The Model Year

by Christopher Paul on May 20, 2011

I just got done reading another Android tablet announcement and I can’t help but get a little frustrated. Its not that I’m upset the technology is advancing – far from it. I’m upset that I don’t know whether the PlayBook, Xoom, Galaxy Tab or some other incarnation is going to be a worthy investment. And the new versions keep coming – there doesn’t appear, to me at least, a regular production cycle I can count on. I think that hurts these tablet makers more than it helps them.

Take Apple. Thus far, they’ve released an iPad in the 1Q of its past two years of life. It doesn’t appear as if that’s changing anytime soon so if you’re in the market for one and want the latest, you have to wait until March to get it. If its January, you can be sure what you buy then will be outdated in one or two months.

Same with the iPhone. Rumors of it being delayed notwithstanding, It has been announced and delivered in June-July of every year since 1.0. iPods are also announced at the same time in September. Laptops and and Desktops gave a similar production cycle with small spec bumps here and there. The point is there is a calendar year lifecycle for all of Apple’s products which people can plan for.

Automobiles are no different. Within reason, everyone knows the new cars show up anywhere from September to December. But whatever the actual month, next year’s model will almost always appear in that same month. The 2012 3 Series from BMW will show up around late November early December and the 2013 will arrive in one of those two months in that year. You can count on getting the newest model around that time year after year.

And like Apple products and BMWs, you know when the clearance sales are going to go on. Neither company marks down their products much but you can get deals on older models. You’re familiar with what you’re getting and, most of the time, you know the difference between the new and old versions so you can judge to see if the discount still makes the transaction valuable.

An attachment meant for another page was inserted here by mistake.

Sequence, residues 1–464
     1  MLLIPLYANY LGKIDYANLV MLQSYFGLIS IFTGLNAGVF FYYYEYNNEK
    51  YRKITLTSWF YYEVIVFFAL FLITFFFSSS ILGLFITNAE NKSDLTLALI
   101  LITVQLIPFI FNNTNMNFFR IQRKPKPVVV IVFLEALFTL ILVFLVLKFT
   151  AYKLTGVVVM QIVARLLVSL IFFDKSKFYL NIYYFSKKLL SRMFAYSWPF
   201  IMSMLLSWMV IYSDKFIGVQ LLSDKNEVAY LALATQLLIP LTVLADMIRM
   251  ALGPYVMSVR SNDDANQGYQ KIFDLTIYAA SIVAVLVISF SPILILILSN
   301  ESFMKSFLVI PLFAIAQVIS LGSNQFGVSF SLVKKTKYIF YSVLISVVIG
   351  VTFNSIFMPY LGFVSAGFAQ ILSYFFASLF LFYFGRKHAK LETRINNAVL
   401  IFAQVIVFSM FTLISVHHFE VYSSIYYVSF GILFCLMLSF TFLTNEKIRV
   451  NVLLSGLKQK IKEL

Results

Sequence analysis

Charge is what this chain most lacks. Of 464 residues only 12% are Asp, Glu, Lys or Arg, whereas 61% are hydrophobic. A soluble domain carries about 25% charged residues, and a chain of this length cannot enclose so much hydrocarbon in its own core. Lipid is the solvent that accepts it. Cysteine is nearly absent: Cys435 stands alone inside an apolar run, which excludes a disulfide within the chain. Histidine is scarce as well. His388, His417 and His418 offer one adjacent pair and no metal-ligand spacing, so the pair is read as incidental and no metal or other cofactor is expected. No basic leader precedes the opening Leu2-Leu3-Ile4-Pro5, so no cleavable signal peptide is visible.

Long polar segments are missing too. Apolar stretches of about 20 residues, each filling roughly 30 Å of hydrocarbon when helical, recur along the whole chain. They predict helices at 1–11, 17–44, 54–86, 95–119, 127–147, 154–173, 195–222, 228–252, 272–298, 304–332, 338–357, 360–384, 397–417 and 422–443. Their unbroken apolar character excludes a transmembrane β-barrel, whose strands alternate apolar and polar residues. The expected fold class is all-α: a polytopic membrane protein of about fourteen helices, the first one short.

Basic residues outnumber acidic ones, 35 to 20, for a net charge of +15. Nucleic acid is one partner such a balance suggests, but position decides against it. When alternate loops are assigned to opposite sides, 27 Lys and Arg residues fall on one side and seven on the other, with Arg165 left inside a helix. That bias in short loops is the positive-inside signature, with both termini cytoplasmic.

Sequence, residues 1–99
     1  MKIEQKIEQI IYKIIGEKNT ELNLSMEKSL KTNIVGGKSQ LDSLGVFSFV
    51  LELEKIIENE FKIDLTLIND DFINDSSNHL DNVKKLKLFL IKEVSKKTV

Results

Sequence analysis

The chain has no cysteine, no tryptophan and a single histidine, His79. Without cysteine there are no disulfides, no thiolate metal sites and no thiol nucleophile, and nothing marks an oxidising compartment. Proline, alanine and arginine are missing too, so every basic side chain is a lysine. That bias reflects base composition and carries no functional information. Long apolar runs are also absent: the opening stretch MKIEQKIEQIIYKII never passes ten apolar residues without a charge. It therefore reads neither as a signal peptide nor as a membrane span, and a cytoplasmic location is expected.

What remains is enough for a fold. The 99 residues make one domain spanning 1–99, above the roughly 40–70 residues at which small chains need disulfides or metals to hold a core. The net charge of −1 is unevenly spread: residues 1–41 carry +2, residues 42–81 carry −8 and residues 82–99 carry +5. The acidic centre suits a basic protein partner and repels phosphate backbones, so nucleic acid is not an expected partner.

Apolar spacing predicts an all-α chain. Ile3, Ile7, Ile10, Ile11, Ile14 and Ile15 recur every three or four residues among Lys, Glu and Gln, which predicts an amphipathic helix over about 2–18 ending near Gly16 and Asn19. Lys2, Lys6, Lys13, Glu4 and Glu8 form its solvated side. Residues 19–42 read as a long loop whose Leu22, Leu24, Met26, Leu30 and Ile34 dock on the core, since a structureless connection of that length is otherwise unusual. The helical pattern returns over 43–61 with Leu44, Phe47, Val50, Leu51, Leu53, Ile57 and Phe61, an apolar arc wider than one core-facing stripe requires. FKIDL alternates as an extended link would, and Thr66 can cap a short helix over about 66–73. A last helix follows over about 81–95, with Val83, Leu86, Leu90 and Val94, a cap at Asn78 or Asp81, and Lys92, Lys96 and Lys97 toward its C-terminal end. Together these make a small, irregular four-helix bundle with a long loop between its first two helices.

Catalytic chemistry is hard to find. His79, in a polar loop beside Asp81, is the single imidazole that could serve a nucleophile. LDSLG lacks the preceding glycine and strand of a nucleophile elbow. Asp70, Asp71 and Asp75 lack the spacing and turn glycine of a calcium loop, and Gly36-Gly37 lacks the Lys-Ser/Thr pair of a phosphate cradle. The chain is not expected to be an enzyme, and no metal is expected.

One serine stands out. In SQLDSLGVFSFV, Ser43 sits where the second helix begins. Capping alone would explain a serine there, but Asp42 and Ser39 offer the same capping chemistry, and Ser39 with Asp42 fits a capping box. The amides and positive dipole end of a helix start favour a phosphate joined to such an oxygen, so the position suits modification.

But with Andorid mobile phones and tablets, its hard to tell when the next Xoom will come out. Its not clear to me when the next PlayBook will come out either but you know they’re working on it. And I’m pretty sure they aren’t going to wait until this time next year to launch it. Motorola, HTC, RIM, HP, Samsung, and all the other PC era companies are going to fight and claw their way to get the latest and greatest out to the public as fast as possible.

Like I said, I feel this hurts them – and Google’s Android by extension. Consumers are already willing to pay $500 to $850 for an Apple tablet. They know the risk/reward tradeoff. But with new Android models coming out with almost every few weeks, its hard to know what to get. It’s hard to know how to compare one producer to another. And sometimes its hard to know what model of within a producer to pick because even their own manufacturing cycles aren’t standardized.

Confusion adds doubt to the purchase and raises risk. It lowers the value and average selling price for the devices. The best thing an Android producer could do is align their production cycles to the calendar and stick to it. It doesn’t need to be yearly; every six months is fine so long as they’re upfront about whats coming and the value it gives the consumer (all without giving away specs, either).

By forming a standard, calendar-based, manufacturing cycle, Android producers become more like Apple – where hardware doesn’t matter as much as the experience. They also gain an advantage over other Android manufacturers because they can confidently say what’s happening when and build up the hype that Apple also enjoys. Plus, if they play their cards right, they can lower their production costs and better compete on price.

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